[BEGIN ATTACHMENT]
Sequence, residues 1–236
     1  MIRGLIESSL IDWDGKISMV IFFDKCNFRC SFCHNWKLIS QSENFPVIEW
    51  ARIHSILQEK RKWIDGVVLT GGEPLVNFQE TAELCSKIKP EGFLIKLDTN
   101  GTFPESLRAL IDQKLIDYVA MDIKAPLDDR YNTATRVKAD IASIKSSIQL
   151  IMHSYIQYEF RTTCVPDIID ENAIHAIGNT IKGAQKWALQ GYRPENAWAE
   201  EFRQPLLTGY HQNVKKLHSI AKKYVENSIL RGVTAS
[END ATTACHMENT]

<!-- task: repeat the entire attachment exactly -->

Sequence, residues 1–236
     1  MIRGLIESSL IDWDGKISMV IFFDKCNFRC SFCHNWKLIS QSENFPVIEW
    51  ARIHSILQEK RKWIDGVVLT GGEPLVNFQE TAELCSKIKP EGFLIKLDTN
   101  GTFPESLRAL IDQKLIDYVA MDIKAPLDDR YNTATRVKAD IASIKSSIQL
   151  IMHSYIQYEF RTTCVPDIID ENAIHAIGNT IKGAQKWALQ GYRPENAWAE
   201  EFRQPLLTGY HQNVKKLHSI AKKYVENSIL RGVTAS